Asked by Bernadette MarxA This is a difficult question. Horses can carry between 12% and 20% of their body weight, but body weight is not the only factor that decides if it is justified to carry a certain amount of weight. You have to look at the muscles, build and breed of the horse in order to make a safe observation and conclusion.
Is the back weak or strong? Does the horse have enough muscle? Also, you need to check the body shape of the person who is going to ride the horse. For example, if a person is very overweight the pressure on the horse’s back is much higher than with a person with the same weight but a more muscular build. Because fat is loose tissue, the weight of the fat will generally cause more pressure on the horse’s back at a later stage than with ‘normal’ body weight. In this way, the horse gets ‘two beats’ of weight per stride.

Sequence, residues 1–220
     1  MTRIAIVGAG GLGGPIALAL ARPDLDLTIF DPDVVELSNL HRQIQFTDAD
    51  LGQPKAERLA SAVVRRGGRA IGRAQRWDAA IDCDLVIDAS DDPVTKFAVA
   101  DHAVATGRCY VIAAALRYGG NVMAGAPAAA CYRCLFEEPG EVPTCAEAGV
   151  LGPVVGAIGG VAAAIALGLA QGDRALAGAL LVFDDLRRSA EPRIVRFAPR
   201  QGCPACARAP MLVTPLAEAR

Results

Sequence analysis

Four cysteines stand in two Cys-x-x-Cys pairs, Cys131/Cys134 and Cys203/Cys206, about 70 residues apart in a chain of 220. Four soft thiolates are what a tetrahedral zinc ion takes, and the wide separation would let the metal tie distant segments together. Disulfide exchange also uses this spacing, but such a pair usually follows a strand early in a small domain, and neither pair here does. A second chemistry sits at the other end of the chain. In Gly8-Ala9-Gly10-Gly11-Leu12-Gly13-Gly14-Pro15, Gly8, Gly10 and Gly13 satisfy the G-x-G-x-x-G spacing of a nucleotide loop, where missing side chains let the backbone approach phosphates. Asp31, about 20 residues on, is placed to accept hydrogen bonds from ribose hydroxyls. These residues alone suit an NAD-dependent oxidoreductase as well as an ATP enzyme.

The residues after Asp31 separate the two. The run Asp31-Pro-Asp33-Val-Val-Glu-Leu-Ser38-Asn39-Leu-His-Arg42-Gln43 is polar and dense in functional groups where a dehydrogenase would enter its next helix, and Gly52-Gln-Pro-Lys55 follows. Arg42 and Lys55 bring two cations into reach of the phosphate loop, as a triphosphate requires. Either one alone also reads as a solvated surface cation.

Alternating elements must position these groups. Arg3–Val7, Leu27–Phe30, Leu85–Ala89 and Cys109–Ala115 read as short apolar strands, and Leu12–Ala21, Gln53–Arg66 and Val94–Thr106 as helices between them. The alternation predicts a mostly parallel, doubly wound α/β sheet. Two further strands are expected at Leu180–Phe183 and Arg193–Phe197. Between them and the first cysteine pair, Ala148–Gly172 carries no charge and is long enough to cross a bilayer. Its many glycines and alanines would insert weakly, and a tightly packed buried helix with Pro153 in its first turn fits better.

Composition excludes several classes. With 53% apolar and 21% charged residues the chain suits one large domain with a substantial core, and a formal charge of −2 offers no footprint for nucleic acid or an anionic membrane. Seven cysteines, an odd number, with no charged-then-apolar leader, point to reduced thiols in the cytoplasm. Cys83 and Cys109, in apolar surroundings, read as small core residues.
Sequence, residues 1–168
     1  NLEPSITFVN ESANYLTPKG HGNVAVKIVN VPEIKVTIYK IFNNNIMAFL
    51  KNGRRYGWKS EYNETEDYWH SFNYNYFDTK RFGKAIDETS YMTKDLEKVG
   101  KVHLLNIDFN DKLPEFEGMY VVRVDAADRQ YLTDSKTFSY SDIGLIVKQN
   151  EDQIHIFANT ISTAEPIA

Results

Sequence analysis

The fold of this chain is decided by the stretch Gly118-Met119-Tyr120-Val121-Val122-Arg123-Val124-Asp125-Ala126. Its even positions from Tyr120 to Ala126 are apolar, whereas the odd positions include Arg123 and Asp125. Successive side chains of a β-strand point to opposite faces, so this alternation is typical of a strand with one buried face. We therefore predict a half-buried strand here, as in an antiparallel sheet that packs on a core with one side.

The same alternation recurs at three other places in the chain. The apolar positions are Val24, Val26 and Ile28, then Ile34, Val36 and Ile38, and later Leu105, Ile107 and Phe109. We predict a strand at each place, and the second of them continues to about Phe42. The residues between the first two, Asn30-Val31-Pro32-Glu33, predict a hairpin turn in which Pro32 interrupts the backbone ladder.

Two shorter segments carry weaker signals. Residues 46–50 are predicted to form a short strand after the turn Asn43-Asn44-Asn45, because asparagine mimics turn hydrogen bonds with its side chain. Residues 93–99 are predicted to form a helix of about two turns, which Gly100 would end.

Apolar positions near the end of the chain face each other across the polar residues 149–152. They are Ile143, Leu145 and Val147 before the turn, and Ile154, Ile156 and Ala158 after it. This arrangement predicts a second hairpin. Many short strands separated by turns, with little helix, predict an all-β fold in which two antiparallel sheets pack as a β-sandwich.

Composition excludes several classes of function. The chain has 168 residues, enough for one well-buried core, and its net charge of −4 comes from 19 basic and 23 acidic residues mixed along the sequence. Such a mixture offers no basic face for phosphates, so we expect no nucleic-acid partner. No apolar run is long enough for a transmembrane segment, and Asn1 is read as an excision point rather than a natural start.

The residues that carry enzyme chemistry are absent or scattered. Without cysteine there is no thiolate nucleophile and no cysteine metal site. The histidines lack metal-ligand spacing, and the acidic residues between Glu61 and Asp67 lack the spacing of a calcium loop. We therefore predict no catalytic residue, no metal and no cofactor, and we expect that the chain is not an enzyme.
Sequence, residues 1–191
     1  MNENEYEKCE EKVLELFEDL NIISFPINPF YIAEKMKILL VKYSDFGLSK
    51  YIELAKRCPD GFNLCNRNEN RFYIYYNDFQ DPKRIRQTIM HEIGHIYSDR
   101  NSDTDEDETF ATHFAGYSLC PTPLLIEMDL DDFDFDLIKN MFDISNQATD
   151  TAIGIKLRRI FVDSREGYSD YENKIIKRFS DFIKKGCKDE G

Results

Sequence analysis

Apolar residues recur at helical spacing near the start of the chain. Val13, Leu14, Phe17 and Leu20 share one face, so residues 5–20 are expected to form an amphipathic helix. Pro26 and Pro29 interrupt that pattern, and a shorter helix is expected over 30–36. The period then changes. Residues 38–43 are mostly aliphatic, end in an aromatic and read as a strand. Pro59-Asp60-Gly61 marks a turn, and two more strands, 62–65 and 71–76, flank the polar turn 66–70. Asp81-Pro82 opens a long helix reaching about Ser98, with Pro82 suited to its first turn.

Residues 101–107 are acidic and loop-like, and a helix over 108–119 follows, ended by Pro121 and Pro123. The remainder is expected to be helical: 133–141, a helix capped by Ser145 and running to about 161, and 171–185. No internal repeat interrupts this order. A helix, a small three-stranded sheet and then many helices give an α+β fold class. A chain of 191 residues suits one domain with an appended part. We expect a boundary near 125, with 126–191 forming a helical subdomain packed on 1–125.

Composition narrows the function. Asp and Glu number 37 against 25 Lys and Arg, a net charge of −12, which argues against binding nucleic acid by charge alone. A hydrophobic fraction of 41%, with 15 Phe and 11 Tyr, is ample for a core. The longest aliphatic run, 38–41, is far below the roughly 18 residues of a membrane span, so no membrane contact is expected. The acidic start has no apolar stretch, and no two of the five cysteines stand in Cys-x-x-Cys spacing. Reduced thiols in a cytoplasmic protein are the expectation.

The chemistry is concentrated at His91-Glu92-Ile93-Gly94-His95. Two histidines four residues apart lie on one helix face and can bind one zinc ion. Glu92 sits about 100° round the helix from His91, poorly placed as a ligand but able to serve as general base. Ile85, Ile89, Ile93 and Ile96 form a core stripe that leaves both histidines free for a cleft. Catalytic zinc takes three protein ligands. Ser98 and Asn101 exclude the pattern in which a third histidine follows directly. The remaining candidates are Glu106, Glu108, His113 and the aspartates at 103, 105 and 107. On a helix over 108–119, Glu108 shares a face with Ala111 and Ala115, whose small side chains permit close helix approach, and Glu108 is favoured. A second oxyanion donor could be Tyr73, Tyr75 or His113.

Horse riding is a sport in which you are dealing with both yourself and another living creature. It is up to us to make sure that the horse does not have to carry someone who is not fit for it. There is no weight difference between what a horse should carry during leisure and competition. In order to ride competitions, you have to challenge not only your horse to perform at his best, but yourself as well. The only way to challenge yourself is to be as fit as your horse and to make sure that you are both working towards the same goal. The same applies for leisure: you want to enjoy the ride and the only way to do so is if your horse is enjoying it too.
Answered by Equine Support International